Ndiyona Constituency Councilor Laurentius Mukoya has called on the establishment of more conservancies in the two Kavango regions, saying before independence people were permitted to kill crocodiles and hippos.
This follows after the police in Ndiyona responded to an incident in which a 26-year-old man, who was working as a security guard at Shitemo Green Scheme, succumbed to injuries from a hippo attack at the Shitemo village on Tuesday,.
“Before Independence people were allowed to kill hippos and crocodiles and at least there were fewer attacks because if the crocodile is killed there won’t be many in the river. They will be reduced, and people were also allowed to eat hippo meat.
“But now the law has taken over where animals are protected more than human beings. If you kill a crocodile or hippo you will be serving jail time, and people are just given N$100,000 to compensate for the loss of their loved ones, but this money is not enough. The Ministry should add N$200,000 more. The Ministry should also trade with crocodiles and hippopotamus to make more money,” Mukoya told The Villager.
The crocodiles, found mostly in the two Kavango regions and the Zambezi, is a protected species under the Nature Conservation Ordinance (Ordinance 4 of 1975) as amended.
While the law was around before independence, it was not as strictly enforced, so much so that, according to research, during the 1960-1980 period, the crocodile population was under threat.
Namibia only allows a minimal trade in wild-taken skins of the crocodile, hunted as trophies.
Currently, there are six conservancies in the two Kavango regions.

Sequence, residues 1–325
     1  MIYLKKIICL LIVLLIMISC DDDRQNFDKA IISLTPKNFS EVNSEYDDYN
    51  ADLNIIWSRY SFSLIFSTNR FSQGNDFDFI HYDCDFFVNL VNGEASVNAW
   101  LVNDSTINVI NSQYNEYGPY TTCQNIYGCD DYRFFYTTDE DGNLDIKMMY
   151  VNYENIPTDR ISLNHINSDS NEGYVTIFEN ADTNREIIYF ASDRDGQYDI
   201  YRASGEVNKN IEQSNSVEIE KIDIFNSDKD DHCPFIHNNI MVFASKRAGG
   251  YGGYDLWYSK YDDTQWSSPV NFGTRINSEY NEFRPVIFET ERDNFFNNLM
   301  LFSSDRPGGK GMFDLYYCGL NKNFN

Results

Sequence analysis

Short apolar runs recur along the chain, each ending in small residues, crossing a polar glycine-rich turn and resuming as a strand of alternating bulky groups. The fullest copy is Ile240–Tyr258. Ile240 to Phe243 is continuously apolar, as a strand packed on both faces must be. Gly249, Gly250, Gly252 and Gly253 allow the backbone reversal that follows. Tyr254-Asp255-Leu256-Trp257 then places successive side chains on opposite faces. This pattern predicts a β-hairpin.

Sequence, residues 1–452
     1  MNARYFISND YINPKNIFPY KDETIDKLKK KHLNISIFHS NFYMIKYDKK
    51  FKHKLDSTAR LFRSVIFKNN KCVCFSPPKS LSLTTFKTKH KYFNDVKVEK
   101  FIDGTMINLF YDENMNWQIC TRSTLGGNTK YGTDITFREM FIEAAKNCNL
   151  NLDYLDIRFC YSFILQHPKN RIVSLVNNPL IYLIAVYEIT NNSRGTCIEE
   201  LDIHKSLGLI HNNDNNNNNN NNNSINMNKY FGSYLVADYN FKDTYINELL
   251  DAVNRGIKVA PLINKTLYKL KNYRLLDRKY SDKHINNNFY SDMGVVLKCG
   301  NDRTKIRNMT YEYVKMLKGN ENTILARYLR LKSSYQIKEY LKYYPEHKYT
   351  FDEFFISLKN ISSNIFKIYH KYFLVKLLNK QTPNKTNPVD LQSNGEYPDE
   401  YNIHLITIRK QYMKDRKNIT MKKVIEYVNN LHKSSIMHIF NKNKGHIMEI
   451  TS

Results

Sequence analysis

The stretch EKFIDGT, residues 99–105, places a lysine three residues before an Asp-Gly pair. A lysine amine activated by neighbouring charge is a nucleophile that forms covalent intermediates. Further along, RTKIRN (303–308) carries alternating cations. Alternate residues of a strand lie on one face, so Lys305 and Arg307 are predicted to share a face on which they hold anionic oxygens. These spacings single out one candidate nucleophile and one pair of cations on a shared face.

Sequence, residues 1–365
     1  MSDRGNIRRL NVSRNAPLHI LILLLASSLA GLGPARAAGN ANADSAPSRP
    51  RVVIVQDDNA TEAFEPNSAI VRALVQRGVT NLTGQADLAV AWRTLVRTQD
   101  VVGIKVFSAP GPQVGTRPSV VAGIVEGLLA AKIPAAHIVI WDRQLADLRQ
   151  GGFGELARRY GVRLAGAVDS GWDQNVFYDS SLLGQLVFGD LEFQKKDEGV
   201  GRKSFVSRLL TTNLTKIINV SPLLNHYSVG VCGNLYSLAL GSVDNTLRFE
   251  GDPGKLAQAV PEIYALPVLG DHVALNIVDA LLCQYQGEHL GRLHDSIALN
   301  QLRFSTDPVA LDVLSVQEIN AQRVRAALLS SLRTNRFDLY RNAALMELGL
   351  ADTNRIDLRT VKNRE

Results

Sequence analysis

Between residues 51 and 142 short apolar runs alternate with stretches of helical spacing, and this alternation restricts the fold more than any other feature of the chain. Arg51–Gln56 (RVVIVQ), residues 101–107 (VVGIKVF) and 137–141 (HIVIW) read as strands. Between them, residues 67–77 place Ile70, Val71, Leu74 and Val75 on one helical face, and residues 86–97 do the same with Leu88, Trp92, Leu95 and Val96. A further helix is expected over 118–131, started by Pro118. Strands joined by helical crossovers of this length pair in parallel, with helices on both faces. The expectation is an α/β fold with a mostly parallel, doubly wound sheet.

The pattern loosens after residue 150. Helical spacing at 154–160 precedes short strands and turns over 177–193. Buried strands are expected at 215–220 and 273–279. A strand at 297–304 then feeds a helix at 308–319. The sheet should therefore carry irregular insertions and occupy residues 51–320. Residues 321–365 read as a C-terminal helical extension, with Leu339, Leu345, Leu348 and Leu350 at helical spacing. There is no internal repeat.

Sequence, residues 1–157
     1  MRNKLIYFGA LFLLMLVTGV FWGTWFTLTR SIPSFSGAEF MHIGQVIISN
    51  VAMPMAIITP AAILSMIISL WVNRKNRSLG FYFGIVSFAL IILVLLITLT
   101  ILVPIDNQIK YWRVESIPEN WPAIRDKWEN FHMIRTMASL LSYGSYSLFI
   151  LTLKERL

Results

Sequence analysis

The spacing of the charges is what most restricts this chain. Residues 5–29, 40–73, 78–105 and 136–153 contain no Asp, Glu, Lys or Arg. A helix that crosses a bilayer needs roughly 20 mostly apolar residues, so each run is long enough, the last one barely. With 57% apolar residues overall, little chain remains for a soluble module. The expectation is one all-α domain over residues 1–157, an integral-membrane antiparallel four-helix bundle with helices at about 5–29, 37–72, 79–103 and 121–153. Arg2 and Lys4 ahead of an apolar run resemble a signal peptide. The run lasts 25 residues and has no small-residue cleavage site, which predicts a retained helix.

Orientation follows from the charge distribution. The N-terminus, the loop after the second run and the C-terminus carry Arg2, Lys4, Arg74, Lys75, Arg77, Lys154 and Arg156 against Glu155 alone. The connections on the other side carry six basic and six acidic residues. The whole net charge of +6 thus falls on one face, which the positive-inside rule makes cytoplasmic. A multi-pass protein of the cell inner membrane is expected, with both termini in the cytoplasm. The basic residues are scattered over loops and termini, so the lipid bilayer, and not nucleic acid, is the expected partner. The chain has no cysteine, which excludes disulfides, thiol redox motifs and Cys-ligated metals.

According to Mukoya, a crocodile and hippopotamus project at the conservancy should be at least three square metres where tourists can come and see the animals.
The Ministry of Environment, Forestry and Tourism has said that it is working on modalities for the management of crocodiles, which could include hunting quotas.
“Last year there were numerous attacks at Katere, Hoha and Korokoko. The Ministry should also provide water among those living beside the tarred roads and alongside the river should get boreholes, this is because people are moving daily to fetch water, reeds and woods,” Mukoya said.
Last month, government announced plans to install 43 boreholes at villages which have been prone to crocodile attacks in the Kavango East and West regions.
Kavango East acting NAMPOL’s deputy Commissioner Eino Nambahu stated that the latest victim in a human-wildlife conflict was on a canoe paddling and as they were to approach the island where they wanted to collect firewood, the hippo attacked them.
The Environment Ministry’s spokesperson Romeo Muyunda said the incident is unfortunate and concerning to the Ministry, especially to the young man who had to lose his life in this manner.
“This is definitely not the intent for our conservation efforts but the ministry is going to compensate the family members of the deceased. This is the Ministry’s duty.”
Muyunda also urged parents and community leaders living along the rivers in the prone regions to keep away from the river.
He said the Ministry cannot afford to lose more people from these dangerous predators.